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Breaking down barriers to help schoolchildren give rugby a try

Date published: 20 December 2023

Read time: 2 minutes

The Gosforth Central Middle School after-school rugby squad and their coach, Paul Edwards, in the middle.

A Newcastle Building Society colleague is helping to break down barriers and make playing rugby more accessible to schoolchildren in Newcastle. 

Paul Edwards, Head of Enterprise Risk, has been volunteering as a coach for Key Stage 3 children at Gosforth Central Middle School's after-school rugby club this autumn term. 

Due to the nature of the sport, a qualified coach is required for younger players so they can progress to full contact rugby.

In Gosforth, Newcastle, this has led to a divide in access to rugby as part of the school curriculum, between the local public and fee-paying private schools.

Paul was approached by a governor from the Middle School after they struggled to access a qualified coach.

Close up of a man and two boys. One of the boys is holding a rugby ball in his hands and the man is pointing his arm towards the right to show the boys where to throw the ball.

"As a qualified coach, who has been coaching at a club level for the past five years, I was really keen to break down the barriers to access rugby in schools and help more students experience it."

Paul Edwards

Volunteering as a rugby coach isn’t just about teaching a sport. For Paul, the benefits extend beyond the pitch, as he works to break down barriers to access rugby and foster personal development through teamwork, respect, enjoyment, discipline, and sportsmanship – the TREDS values of rugby.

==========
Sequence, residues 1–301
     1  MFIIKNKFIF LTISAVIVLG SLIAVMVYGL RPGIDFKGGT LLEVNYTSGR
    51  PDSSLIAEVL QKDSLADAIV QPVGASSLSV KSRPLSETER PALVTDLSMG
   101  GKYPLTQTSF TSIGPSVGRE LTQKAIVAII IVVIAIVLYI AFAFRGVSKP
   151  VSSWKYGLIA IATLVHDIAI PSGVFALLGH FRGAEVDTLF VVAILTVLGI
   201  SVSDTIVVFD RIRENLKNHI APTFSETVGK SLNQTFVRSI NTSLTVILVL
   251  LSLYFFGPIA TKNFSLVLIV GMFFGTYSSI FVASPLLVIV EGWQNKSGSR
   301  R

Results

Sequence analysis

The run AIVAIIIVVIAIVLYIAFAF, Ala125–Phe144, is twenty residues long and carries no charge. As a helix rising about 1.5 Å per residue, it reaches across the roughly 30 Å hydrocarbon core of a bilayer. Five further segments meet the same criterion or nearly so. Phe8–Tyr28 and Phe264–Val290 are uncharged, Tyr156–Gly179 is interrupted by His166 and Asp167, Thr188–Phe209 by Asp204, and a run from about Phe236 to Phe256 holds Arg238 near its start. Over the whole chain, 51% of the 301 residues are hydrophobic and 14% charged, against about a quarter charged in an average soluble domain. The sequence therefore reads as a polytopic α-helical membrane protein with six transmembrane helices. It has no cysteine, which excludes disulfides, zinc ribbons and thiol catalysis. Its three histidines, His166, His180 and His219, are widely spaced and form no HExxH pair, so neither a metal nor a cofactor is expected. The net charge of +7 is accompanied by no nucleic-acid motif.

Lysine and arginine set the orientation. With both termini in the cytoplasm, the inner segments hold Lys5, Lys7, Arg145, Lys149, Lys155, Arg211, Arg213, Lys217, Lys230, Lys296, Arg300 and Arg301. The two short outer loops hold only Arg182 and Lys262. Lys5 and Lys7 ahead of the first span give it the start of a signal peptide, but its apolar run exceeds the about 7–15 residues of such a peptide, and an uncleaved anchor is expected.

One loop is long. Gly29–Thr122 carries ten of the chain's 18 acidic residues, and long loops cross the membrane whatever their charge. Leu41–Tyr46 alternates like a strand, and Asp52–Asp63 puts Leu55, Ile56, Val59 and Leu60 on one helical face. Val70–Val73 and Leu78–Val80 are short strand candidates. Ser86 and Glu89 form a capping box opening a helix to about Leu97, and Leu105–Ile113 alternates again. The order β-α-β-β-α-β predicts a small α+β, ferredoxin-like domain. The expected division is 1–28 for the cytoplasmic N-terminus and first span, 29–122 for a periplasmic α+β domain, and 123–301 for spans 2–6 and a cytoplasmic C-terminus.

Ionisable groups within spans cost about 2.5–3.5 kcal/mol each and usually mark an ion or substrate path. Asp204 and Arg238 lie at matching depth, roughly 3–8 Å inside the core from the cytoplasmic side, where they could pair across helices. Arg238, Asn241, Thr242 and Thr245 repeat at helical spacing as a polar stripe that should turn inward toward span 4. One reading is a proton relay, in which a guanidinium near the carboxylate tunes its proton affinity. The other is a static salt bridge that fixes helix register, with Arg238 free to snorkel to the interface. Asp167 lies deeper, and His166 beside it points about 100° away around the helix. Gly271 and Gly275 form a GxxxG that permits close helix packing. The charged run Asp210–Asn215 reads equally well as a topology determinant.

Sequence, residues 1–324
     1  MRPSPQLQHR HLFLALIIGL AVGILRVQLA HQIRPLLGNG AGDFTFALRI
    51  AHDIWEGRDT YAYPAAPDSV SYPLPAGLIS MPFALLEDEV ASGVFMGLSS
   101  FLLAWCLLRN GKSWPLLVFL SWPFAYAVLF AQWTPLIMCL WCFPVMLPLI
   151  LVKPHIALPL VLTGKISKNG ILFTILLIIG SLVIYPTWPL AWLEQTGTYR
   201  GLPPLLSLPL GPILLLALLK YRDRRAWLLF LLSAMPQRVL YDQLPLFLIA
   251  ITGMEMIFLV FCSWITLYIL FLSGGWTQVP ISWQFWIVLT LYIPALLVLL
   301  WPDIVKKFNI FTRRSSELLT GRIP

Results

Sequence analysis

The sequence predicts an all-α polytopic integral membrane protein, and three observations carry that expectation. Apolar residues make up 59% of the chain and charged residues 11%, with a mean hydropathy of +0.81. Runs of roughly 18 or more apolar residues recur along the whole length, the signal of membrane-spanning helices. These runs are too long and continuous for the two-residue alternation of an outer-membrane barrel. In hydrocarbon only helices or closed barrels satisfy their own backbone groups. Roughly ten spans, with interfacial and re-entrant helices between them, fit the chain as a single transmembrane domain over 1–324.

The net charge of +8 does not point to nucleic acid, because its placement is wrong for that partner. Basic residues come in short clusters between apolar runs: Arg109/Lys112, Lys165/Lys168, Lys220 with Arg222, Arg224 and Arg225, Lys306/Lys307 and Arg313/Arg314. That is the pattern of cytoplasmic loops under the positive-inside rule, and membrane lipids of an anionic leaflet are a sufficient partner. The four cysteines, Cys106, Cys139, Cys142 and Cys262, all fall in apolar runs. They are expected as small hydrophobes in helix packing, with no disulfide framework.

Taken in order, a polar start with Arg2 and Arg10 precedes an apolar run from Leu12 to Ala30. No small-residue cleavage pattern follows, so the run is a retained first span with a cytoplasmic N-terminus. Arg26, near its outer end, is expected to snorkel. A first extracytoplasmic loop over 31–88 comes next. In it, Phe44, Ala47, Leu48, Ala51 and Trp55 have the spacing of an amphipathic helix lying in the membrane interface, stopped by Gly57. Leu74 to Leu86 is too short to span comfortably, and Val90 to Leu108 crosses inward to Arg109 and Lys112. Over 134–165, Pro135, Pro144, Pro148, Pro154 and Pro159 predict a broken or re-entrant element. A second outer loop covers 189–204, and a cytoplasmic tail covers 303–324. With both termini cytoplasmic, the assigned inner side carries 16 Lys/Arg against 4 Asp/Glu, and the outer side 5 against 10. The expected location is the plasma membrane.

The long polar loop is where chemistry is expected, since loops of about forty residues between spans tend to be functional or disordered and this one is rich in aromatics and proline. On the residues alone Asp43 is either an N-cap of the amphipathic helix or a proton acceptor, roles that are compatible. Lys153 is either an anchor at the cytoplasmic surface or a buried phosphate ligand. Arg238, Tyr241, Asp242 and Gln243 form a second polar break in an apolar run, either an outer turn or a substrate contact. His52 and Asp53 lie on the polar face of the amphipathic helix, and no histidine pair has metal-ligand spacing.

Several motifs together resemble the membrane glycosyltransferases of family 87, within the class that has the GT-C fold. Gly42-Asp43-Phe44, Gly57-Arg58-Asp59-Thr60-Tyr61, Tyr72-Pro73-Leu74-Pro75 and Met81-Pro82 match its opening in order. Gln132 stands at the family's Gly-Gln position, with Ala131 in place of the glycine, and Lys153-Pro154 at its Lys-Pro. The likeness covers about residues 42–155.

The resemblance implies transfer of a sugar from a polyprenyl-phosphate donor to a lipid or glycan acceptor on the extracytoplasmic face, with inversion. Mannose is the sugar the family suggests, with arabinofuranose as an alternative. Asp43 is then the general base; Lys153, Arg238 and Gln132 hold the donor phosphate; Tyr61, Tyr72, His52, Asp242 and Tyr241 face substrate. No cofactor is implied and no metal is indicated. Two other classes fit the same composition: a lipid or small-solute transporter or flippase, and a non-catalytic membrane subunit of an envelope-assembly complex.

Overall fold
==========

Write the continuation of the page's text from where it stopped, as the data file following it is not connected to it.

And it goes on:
A close up of a man talking to two schoolchildren he coaches rugby.

"Not only are they enjoying themselves, but they’re also experiencing another form of learning and development outside of the classroom. They are embracing the TREDS values of rugby, which also crosses over into their education and development and will help them become well-rounded individuals."

The positive impact Paul and rugby are having is clear in the students’ enthusiasm. Nearly 30 boys attend each week, eager to play and show off their skills, and the school are already exploring the possibility of adding sessions for girls as well.

A group of school boys stood in a field, dressed in their sports kits, listening to their rugby coach.

"This is an after-school club, so it’s great to see that we’re nearly at capacity each week. There’s a good blend of those who play rugby outside of school but can’t access it in school, and others who have never tried rugby before. They have an appetite to play, but just needed the access."

In a letter to the students’ parents, Mr Freize, School Business Manager, at Gosforth Central Middle School said: “Mr Edwards has been very complementary about the enthusiasm, commitment and behaviour of the pupils who attend these sessions.

“He is only able to deliver these sessions due to the support of his employer, Newcastle Building Society, who allow him time out of work each Thursday as part of their community volunteering programme.”

Not only has our relationship with the Middle School strengthened as a result of Paul’s volunteering, he has also led discussions on how we can support the school’s new Enterprise and Careers Curriculum.

Close up of a man in a field holding two rugby balls in his hands.

"I’ve been able to talk with the Lead for Enterprise and Careers as to how the Society can help, examples discussed have been an introduction to money and savings, CV writing and the power of teamwork."

Paul’s coaching is a great example of how our colleagues bring to life our Purpose of connecting our communities with a better financial future through their volunteering.

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